Credit Default Swaps are often thought of in terms of providing protection against credit events. However in many instances CDS are used to simply hedge against mark to market losses even if there is no default. Some use Index CDS to reduce volatility of portfolios due to spread fluctuations. The concept is that if the underlying portfolio spread widens, the CDS premium should increase as well, providing some cushion against losses.
However the basis spread between cash securities and CDS can widen dramatically, making the hedge fairly ineffective on a mark to market basis. In 2008 some investors wanted to take advantage of that spread, hoping for convergence. The idea is that if a bond yield, less the financing cost (to leverage the bond), is higher than the CDS protection, one can make a "riskless" return by owning the bond and the CDS.
The assumption however is that one has the ability to hold these bonds and the CDS to maturity. But in 08 that assumption went out the window, as banks asked for additional margin to leverage bonds even if they were hedged with CDS. In addition to that, hedge fund redemptions forced managers to raise liquidity. These two events combined to force the unwind of the basis trade, making the bond-CDS spread widen even more. The wider spread created mark-to-market losses for other basis trade holders, forcing them to unwind as well. It was a punishing cycle.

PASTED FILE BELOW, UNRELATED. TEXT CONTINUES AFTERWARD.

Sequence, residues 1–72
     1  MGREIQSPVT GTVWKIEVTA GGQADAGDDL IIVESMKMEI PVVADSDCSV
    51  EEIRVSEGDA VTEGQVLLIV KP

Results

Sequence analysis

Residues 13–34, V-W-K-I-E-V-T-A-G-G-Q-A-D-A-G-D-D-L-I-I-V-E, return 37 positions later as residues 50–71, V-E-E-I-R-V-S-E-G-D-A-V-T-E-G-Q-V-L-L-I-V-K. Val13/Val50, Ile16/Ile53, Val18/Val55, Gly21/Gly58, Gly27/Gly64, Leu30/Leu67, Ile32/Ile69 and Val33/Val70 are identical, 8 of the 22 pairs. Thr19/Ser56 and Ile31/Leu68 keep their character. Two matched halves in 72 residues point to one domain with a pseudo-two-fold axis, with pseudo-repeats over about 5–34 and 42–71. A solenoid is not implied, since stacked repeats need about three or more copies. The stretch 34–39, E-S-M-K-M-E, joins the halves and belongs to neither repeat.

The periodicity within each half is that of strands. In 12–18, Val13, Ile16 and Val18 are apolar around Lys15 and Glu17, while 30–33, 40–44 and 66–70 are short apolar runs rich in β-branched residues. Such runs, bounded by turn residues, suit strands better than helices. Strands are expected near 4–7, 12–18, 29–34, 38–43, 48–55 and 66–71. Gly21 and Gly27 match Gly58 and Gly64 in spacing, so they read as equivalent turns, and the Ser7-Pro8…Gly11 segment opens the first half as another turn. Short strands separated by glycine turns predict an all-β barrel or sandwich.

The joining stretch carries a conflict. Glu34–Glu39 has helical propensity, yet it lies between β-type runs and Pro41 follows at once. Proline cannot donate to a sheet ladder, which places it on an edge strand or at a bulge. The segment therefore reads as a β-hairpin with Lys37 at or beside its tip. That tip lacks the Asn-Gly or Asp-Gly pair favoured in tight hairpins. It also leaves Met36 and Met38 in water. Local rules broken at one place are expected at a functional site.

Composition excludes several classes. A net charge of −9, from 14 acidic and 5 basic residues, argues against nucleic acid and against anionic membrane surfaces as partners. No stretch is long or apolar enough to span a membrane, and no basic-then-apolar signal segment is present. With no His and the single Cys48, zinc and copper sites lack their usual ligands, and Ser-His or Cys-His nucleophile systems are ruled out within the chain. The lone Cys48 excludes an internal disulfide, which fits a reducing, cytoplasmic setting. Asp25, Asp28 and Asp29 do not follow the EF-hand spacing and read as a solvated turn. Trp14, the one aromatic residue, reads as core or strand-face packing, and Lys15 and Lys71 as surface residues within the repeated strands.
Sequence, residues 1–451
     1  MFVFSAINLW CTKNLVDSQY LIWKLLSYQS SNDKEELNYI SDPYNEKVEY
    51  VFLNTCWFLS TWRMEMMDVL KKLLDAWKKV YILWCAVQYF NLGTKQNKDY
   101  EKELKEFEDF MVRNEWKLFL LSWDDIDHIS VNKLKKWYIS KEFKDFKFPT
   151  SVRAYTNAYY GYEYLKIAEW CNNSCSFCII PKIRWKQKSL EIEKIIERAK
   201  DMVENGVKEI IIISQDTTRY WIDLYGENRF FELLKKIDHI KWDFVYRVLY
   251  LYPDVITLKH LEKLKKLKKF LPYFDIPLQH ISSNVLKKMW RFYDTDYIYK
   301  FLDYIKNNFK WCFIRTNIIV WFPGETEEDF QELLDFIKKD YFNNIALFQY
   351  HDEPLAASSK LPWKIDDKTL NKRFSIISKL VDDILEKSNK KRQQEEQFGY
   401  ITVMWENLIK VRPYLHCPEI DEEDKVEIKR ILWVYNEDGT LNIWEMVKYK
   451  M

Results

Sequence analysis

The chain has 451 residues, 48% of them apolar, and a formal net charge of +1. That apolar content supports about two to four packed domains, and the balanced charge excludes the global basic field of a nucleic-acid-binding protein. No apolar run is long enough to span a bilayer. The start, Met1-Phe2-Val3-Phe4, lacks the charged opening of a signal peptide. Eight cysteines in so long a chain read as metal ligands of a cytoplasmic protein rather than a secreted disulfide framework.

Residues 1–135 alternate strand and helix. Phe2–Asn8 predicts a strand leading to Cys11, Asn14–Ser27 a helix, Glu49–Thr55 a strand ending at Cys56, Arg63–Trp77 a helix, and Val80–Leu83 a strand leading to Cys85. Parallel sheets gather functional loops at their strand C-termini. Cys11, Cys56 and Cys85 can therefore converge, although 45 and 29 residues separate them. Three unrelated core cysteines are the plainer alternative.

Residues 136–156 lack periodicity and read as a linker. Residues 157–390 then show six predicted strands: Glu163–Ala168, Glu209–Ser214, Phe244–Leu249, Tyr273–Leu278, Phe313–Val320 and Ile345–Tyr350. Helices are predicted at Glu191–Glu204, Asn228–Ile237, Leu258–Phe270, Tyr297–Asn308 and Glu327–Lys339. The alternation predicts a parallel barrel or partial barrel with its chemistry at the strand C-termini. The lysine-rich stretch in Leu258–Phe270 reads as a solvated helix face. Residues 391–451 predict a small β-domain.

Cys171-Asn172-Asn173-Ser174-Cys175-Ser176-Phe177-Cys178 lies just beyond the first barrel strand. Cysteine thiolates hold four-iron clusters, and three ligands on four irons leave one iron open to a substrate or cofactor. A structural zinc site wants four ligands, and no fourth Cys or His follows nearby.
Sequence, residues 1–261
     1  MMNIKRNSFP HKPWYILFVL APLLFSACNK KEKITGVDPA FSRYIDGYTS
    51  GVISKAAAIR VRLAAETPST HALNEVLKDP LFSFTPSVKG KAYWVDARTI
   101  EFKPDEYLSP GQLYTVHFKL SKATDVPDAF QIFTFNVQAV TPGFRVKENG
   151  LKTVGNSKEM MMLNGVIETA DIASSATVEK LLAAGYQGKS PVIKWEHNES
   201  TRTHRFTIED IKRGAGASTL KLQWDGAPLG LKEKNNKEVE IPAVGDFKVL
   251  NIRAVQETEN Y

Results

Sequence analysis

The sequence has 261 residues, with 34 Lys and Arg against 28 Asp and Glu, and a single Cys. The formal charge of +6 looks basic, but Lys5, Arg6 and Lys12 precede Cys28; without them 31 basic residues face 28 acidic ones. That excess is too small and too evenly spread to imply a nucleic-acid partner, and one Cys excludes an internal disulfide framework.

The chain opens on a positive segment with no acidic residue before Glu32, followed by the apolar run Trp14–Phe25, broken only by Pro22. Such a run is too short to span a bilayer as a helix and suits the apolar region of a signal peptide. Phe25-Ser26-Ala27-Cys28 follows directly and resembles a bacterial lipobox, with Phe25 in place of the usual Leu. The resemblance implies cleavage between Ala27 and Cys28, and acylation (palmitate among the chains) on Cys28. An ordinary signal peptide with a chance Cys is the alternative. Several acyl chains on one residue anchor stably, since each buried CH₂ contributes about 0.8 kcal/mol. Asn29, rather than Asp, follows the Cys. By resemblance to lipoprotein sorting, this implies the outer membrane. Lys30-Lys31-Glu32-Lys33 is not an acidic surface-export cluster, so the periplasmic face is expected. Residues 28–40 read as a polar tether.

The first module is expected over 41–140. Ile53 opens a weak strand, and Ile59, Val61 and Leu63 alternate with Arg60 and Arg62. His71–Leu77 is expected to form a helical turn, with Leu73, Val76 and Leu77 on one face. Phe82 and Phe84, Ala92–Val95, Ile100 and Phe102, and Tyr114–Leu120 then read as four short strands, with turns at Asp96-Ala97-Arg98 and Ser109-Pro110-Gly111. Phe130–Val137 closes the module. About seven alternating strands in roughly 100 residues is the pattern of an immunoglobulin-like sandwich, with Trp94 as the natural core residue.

Those who hedged their portfolios with Index CDS saw their hedges fail, as the CDS premiums did not rise nearly as much as the portfolios got marked down. It was particularly painful for those who had to unwind the portfolios, crystallizing the mismatch.
The chart below tracks the value of the Credit Suisse High Yield (a diversified basket of cash bonds) index vs. HY CDX (index CDS on a basket of HY names). CDX here is shown in terms of price equivalent rather than spread (if premiums increase, the effective "price" drops). End of 08 spelled disaster for many who had these types of hedges on, particularly if they beleived their portolios were neutral. The hedge stopped tracking the portfolio completely.
A similar scenario occured with leveraged loan portfolios. The hedge (LCDX) broke down. In addition, during that period the loans and the LCDX became illiquid, making it even harder to unwind. LCDX performed so poorely as a hedge, it never really recovered from the "ineffective" image and continues to be illiquid.
"Neutralizing" credit portfolios with Index CDS hedges is no longer viewed as reliable strategy. Managers still use these products, but it's no longer considered a dependable hedging program on it's own.
For those who are interested in learning more about Index CDS, please see the Credit Indices primer from Markit (below):